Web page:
Lassa fever: Treatment, symptoms, advice and help
About Lassa fever
Lassa fever is a serious, contagious viral infection affecting various organs of the body. The condition was first described in the town of Lassa in Nigeria. The viral hemorrhagic fevers are a group of disease caused by several different viruses which cause hemorrhagic manifestations. It is a kind of ‘haemorrhagic fever’ which is transmitted from infected rodents. Lassa fever is an extremely fatal disease with a high mortality rate.
Lassa fever: Incidence, age and sex
Lassa fever is mostly seen in Africa, with epidemic proportions in certain areas of West Africa. It accounts for 15% of adult hospital admissions in West Africa and causes 300,000–500,000 cases annually with approximately 5,000 deaths. It may afflict an individual of any age and gender.
Signs and symptoms of Lassa fever: Diagnosis
The clinical features of Lassa fever have a slow onset and begin with generalised symptoms like fever, chills, exhaustion and muscle ache. Individuals may also complain of gastrointestinal symptoms like nausea, vomiting and abdominal pain. Subsequent involvement of lungs and airways may result in sore throat, cough and chest pain. Sometimes bleeding from tissues may also be manifested in form of maculo-papular rash of skin, nose bleed and bleeding from gums. In most individuals the infection may manifest with minimal and non-specific features.
All viral haemorrhagic fevers have similar non-specific presentations with fever, malaise, body pains, sore throat and headache. On examination, conjunctivitis, throat injection, an erythematous or petechial rash, haemorrhage, lymphadenopathy and bradycardia may be noted. The clue to the diagnosis will come from the travel and exposure history. The causative virus may be isolated, or antigen detected, in laboratories from serum, pharynx, pleural exudates and urine. It is important to exclude other cause of fever, especially malaria, typhoid and respiratory tract infections.
Diagnosis of Lassa fever may require a battery of tests including blood test for deranged liver function and increase in titre of Lassa IgM antibodies. X-ray or CT scan of chest may be helpful if lung involvement is suspected. PCR testing may help in establishing the diagnosis of Lassa fever.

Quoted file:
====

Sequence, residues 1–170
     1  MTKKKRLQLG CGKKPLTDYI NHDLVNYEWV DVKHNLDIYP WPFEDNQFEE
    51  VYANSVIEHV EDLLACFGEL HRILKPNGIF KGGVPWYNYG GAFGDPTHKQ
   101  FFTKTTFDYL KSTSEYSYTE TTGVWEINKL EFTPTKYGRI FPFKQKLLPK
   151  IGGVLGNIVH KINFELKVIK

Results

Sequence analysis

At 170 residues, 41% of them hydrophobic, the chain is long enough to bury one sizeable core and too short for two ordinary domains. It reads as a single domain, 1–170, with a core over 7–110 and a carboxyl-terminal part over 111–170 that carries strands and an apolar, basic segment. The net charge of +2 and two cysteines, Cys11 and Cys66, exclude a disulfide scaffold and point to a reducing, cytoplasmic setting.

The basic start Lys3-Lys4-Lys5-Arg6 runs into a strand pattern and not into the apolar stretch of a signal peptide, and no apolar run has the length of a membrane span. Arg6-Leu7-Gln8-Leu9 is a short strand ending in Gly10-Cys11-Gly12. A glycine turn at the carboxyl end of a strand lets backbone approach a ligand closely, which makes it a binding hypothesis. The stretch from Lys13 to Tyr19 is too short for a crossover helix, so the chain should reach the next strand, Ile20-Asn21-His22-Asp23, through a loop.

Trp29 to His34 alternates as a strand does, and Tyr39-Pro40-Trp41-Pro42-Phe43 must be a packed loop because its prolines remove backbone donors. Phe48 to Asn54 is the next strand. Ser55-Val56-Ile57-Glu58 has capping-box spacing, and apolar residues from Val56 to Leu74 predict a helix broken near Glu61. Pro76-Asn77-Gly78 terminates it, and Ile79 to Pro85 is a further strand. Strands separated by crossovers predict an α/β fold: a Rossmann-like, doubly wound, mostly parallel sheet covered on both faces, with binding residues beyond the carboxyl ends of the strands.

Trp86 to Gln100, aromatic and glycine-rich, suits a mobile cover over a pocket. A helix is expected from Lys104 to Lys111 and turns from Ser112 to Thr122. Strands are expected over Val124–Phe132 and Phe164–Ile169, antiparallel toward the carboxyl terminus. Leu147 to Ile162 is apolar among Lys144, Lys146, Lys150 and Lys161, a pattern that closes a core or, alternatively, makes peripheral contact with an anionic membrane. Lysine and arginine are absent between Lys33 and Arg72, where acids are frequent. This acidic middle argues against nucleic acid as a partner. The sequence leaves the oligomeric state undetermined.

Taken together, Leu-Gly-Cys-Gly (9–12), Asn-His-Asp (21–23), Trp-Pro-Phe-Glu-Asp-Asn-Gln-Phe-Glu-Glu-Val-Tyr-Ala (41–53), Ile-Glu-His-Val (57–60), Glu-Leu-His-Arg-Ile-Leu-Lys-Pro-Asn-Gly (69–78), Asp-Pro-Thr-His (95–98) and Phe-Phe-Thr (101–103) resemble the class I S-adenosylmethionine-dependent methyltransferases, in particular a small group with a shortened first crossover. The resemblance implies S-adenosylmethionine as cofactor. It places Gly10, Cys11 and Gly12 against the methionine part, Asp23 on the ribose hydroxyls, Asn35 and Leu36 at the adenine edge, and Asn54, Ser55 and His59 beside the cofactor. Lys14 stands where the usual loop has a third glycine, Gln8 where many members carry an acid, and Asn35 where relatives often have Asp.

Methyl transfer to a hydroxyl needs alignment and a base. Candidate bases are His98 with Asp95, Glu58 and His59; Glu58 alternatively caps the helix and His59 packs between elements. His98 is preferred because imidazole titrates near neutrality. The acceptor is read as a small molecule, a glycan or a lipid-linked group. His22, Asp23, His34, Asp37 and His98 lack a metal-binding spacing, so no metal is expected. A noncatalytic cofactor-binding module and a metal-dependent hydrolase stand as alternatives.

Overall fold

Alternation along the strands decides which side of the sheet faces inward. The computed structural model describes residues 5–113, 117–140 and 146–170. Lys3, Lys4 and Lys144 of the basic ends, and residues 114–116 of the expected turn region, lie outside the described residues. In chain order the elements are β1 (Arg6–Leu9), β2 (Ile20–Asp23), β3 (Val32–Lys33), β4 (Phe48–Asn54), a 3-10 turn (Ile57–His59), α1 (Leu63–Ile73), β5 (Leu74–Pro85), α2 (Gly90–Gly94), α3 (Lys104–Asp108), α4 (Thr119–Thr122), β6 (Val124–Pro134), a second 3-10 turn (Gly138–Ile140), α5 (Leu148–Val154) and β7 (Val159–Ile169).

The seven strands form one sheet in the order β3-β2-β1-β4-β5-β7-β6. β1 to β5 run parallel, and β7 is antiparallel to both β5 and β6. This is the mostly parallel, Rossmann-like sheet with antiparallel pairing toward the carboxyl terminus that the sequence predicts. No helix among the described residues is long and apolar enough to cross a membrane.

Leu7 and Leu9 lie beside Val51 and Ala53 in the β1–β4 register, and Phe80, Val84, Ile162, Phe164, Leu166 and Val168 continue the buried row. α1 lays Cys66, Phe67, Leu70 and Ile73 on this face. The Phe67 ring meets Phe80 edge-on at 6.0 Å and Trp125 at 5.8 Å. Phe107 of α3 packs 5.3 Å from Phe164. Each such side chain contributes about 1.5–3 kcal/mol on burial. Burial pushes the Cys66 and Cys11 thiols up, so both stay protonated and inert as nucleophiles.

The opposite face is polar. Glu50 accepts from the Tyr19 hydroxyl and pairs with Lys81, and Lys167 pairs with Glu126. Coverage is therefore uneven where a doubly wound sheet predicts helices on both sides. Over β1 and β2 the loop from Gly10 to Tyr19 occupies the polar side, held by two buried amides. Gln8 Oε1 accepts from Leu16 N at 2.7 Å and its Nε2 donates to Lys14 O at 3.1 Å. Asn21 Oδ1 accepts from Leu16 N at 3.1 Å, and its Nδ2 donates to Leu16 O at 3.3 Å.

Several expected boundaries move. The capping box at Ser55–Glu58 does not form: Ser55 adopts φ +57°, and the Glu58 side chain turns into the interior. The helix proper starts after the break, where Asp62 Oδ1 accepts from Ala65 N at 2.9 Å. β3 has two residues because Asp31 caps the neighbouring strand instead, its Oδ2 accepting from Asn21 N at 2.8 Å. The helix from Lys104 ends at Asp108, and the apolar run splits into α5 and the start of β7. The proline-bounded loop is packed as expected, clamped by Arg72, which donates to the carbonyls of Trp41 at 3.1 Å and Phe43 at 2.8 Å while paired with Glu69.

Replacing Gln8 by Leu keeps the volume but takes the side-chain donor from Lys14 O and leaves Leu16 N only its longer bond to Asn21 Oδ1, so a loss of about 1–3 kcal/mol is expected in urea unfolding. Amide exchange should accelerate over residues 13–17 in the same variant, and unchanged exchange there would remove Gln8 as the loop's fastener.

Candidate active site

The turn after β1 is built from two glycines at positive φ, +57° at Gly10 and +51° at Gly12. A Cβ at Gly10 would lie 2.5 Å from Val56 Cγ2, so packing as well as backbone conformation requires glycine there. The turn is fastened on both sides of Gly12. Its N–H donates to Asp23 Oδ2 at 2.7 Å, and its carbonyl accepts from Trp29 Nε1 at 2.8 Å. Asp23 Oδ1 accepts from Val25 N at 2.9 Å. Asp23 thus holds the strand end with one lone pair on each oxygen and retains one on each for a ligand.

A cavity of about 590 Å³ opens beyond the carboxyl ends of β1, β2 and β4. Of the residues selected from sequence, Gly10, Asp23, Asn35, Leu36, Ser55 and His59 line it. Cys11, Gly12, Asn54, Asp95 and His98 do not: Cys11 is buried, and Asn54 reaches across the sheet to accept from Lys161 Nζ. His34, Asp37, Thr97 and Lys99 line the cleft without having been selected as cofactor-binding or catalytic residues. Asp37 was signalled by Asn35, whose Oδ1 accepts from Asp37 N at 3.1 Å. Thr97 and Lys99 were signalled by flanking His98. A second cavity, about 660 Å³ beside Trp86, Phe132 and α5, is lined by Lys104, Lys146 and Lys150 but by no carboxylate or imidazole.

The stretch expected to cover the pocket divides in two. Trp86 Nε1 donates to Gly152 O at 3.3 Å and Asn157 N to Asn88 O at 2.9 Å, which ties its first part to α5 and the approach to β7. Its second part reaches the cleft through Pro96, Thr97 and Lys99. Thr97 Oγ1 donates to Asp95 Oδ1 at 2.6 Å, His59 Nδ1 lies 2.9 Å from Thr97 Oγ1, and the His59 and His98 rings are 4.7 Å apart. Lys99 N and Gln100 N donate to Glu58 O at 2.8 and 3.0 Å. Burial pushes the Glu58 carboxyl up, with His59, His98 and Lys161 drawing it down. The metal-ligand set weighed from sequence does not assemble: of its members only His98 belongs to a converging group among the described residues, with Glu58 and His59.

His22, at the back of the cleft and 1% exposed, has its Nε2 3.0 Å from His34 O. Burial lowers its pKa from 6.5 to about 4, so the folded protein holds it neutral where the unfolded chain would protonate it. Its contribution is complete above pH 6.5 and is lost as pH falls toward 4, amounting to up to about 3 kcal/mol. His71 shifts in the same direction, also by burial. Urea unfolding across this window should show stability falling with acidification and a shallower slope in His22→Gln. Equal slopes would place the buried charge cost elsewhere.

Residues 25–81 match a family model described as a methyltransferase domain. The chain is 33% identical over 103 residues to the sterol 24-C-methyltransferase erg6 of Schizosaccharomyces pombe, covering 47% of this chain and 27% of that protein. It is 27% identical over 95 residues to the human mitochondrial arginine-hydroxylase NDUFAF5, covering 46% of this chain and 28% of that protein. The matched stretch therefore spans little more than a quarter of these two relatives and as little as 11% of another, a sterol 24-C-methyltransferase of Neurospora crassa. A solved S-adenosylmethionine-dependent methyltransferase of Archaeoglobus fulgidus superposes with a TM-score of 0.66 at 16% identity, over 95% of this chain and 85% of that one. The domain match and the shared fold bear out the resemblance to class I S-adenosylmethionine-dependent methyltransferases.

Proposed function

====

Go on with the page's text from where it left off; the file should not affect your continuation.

Causes and prevention of Lassa fever
Lassa fever is caused by a virus belonging to the family Arenavirus. This virus is transmitted to humans from urine, saliva and droppings of contaminated rodents. It can also spread from human to human by inhalation or direct contact. This viral infection affects multiple organ system but fortunately spares brain and spinal cord.
Preventive measures like maintaining cleanliness in homes, avoiding rodent dens and avoiding close contact with infected individual may help in keeping this serious infection at bay. Vaccination for Lassa fever is not available at present.Ribavirin has been used as prophylaxis in close contacts in Lassa fever but there are no formal trials of its efficacy.
Lassa fever: Complications
Lassa fever, if not detected and managed timely may lead to permanent hearing loss, convulsions, inflammation of eye tissues and that of covering membrane of heart. The affected individuals may also exhibit markedly low blood pressure.
The mortality rate of Lassa fever usually ranges from 10 to 50 % which is quite significant. Lassa fever in pregnant women may result in serious consequences like abortion in the first trimester.Haemorrhage is also a late feature of established severe disease and may lead to shock. Hepatic and renal failure may occur. Bradycardia and ECG abnormalities are common. Encephalopathy and seizures may develop.
Lassa fever: Treatment
Timely detection and management of Lassa fever is essential to avoid serious and potentially fatal complications. The drug of choice is an antiviral agent named Ribavarin which is administered via intravenous route.- Ribavirin is given intravenously (100mg/kd, then 25mg/kg daily for 3 days and 12.5mg/kg daily for 4 days). Concurrent supportive therapy is also recommended. This includes adequate fluid replacement and maintaining electrolyte imbalance. Other medications like analgesics and antipyretics may also be prescribed for symptomatic relief. General supportive measures are required for dehydration, electrolyte imbalances renal & hepatic failure. Transfusion of blood or blood products may be required.Once haemorrhagic fever is confirmed, isolation is mandatory and good infection control practices will prevent further transmission. The prognosis of Lassa fever may vary from person to person and depend upon the severity of disease.